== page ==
ROME – After months of discussions and reflections, the French Bishops’ Conference decided to create an independent and external commission to address sexual abuse within the Church, its cover-up and the conference’s handling of the issue since the 2000s.

“The bishops of France decided to set up an independent commission to throw light on the sexual abuse of minors in the Catholic Church since 1950 to understand the reasons that favored the way in which these cases were handled and to make recommendations,” said Archbishop Georges Pontier of Marseille, President of the Conference of Bishops of France (CEF) on Nov. 7.

Pontier’s statement came at the conclusion of the bishop’s plenary assembly in Lourdes, which approved on Nov. 7 the creation of the commission and admitted to awarding a financial gesture to the victims. During the summit, the French bishops met with clerical sex abuse victims.

“This meeting between the victims and the bishops has confirmed for us all, victims and bishops, the need to work together better in this fight,” Pontier said.

The commission also promises to look into the handling of sexual abuse by CEF since the 2000s and to consider historic cases where the victims or the culprit might already be dead.

The archbishops said that a report will be issued by the commission within 18 months or two years. The names of the members and head of the commission have not yet been released, but the archbishops said more information will soon be disclosed.

France has also been involved in the clerical sexual abuse scandals that have threatened the Catholic Church’s credibility worldwide. In January, French Cardinal Philippe Barbarin of Lyon will stand trial for allegedly covering up the sexual abuse of boy scouts by a pedophile priest in the 1980s.

As pressure grows in France, and across the globe, for the Church to bring forward practical solutions to the crisis, Pontier promised that “specifies steps” will be made to address the issue.

The French bishops “want to involve victims in the implementation of the following and related decisions. They also want to work with members of civil society on these topics,” the archbishop said, adding that projects will bring the agenda forward until the next CEF assembly in Spring 2019.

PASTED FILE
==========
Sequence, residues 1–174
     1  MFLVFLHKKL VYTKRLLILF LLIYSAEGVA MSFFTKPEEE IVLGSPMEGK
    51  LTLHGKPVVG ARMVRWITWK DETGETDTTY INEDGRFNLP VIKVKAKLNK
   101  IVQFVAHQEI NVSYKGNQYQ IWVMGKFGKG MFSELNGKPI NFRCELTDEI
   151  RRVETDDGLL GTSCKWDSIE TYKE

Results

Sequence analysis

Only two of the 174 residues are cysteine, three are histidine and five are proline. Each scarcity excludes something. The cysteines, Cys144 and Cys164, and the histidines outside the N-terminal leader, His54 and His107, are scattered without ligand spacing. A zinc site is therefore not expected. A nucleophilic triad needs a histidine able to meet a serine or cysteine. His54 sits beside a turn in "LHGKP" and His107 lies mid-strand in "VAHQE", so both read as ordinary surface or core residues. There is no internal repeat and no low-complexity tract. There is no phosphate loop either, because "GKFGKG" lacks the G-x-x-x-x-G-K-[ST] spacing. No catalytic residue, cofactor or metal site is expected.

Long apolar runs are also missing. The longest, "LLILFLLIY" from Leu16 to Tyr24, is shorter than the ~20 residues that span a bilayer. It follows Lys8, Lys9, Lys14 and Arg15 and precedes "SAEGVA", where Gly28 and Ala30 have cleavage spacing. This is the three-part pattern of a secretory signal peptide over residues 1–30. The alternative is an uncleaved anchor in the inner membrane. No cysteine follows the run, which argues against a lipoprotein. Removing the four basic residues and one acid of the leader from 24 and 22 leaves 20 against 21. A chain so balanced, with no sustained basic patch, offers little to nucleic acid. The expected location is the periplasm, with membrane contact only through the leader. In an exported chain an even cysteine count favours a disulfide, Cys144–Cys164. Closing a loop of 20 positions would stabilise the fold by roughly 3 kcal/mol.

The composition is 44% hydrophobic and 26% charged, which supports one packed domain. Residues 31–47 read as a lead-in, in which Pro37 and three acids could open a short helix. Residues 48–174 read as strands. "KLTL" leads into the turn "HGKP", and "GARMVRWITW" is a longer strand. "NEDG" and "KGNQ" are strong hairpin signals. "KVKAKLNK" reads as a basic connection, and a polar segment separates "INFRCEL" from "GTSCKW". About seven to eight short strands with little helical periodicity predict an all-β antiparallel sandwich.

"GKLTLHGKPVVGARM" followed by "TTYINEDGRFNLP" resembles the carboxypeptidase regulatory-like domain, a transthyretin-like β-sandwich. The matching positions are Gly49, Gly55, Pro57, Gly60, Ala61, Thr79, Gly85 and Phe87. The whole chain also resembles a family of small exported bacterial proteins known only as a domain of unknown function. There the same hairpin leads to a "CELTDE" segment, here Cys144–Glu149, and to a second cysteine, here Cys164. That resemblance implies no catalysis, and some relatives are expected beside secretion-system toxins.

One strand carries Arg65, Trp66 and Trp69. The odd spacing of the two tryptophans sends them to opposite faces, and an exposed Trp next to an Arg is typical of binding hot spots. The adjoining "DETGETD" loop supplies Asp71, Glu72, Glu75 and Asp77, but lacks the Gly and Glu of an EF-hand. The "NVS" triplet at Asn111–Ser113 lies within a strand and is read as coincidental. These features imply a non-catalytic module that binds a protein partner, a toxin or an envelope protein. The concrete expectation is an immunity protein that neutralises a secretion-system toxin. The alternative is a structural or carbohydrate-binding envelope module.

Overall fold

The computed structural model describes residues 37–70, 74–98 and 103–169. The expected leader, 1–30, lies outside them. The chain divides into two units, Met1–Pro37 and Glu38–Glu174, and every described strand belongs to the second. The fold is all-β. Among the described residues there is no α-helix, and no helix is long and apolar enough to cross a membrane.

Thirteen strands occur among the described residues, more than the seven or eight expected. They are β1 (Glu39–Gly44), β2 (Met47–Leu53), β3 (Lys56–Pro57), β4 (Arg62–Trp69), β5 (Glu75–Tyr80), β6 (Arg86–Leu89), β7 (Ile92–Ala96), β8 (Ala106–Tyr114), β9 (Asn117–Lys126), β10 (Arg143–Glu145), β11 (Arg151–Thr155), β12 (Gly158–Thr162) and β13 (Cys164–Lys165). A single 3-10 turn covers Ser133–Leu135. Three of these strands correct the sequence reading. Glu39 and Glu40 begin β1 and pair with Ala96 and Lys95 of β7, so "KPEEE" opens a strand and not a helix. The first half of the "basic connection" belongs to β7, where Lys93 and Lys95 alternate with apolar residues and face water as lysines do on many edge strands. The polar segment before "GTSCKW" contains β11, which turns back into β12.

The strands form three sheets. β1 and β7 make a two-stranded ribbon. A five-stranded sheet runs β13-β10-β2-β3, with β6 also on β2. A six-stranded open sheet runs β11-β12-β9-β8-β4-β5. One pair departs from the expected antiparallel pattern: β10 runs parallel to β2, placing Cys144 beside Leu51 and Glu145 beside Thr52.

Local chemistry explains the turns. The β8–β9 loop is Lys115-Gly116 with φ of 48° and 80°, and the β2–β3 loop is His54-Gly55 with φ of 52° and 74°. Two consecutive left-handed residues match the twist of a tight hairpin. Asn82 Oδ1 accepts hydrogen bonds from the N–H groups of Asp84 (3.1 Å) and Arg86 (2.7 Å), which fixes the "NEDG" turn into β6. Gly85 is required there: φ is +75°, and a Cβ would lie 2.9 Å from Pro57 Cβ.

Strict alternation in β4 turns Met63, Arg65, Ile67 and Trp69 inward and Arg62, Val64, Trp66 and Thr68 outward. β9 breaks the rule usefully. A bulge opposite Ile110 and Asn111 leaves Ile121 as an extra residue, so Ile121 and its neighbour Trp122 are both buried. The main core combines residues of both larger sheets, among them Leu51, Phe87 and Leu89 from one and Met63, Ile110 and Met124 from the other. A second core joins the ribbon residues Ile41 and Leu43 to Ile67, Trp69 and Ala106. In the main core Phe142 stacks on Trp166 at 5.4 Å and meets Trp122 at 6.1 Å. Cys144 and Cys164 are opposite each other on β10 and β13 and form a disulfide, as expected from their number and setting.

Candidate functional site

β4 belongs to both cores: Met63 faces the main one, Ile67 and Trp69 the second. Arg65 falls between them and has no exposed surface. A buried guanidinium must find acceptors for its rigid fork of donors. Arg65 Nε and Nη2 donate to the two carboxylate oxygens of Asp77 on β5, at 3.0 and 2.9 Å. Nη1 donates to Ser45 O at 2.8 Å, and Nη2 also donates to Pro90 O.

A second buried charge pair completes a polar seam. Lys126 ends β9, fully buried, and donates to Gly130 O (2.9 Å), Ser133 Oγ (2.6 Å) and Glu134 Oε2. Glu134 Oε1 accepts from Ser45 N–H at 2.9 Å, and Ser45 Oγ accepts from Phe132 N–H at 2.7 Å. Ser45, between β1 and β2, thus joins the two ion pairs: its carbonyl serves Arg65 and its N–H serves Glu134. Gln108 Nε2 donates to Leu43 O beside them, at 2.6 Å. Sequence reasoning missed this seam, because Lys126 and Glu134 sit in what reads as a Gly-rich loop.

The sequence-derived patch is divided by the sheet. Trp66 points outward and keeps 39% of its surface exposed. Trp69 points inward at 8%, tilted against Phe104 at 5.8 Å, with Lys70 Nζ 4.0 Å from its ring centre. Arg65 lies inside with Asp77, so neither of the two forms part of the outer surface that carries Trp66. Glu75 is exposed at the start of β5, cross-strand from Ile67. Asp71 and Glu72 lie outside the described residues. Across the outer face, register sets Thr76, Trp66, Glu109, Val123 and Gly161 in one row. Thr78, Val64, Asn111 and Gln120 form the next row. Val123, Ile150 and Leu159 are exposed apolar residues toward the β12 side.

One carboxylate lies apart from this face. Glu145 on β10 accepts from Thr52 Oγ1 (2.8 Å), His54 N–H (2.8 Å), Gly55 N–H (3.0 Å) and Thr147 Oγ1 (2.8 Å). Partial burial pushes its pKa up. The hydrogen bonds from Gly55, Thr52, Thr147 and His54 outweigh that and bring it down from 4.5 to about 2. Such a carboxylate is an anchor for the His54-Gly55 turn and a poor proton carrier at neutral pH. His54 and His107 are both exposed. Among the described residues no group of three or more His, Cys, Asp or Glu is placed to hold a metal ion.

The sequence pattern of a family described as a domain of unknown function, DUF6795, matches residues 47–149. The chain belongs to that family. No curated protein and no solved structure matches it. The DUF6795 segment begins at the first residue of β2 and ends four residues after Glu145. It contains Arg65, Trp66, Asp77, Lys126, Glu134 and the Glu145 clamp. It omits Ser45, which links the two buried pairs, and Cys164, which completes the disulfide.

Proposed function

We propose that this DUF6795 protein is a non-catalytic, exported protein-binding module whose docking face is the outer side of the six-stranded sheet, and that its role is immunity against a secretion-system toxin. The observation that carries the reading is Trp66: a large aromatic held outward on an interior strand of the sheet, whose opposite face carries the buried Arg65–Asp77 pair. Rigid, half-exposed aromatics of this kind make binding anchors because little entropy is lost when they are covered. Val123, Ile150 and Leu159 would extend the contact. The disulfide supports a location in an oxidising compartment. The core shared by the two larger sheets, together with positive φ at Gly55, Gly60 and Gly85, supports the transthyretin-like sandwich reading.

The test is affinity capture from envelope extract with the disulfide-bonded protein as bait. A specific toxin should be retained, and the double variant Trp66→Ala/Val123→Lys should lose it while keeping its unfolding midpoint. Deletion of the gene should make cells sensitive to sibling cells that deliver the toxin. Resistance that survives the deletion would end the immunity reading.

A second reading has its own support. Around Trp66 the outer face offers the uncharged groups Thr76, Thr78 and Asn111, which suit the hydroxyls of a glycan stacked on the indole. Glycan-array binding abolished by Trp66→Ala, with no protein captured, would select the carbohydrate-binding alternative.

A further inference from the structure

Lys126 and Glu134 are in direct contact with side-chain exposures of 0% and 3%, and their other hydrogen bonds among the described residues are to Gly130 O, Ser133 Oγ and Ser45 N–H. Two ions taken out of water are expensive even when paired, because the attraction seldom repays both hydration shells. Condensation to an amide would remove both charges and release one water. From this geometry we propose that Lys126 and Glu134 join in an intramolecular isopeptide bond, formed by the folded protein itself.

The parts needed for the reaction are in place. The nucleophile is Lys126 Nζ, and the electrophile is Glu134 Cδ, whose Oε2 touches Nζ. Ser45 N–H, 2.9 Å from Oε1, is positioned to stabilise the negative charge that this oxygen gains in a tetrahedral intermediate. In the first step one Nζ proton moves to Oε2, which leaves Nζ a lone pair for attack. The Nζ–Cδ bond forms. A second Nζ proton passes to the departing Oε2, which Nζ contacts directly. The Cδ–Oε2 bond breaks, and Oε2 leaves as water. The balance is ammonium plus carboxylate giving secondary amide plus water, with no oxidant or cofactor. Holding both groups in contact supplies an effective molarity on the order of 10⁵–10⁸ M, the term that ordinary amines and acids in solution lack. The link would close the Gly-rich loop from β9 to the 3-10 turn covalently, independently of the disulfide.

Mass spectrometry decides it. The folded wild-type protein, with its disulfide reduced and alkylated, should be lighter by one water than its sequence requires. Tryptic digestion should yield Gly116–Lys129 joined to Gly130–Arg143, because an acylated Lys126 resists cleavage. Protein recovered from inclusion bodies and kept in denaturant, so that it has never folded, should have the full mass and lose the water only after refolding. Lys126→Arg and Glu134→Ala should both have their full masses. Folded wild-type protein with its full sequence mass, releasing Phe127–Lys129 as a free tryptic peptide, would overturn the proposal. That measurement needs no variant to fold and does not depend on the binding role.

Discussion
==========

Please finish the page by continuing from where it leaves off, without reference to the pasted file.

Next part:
Bishops are invited, Pointier said, to rekindle conversations with victims to explain the newest developments and to make a “memory effort” to collect as much information as possible on the issue.

“The bishops wish to work with the victims to see how to make sure that our history doesn’t forget those acts that have left too many people to die,” he said.

The archbishop also stated that a “precise report” will be released regularly by the Permanent Commission on the state of the fight against pedophilia within the Church. “Prevention” was the key word marking the end of the statement and calling for actions before instances of abuse occur by doing sensitization campaigns in parishes.

“The bishops wish to offer a financial gesture to the victims,” Pontier said, avoiding the use of the term “compensation” that had circled the summit of French bishops. No further detail concerning amounts or beneficiaries was given.

The archbishop concluded by stating that pedophile or abuser priests will be accompanied by the Church by new measures that will be put in place.

The result of the gathering of the French bishops comes as other bishop conferences prepare to gather. Next week, the Italian bishops will convene for an extraordinary assembly, expected to release new guidelines on sexual abuse at Pope Francis’s behest, just as U.S. bishops prepare to convene for a meeting where, no doubt, sexual abuse will be a priority on the agenda.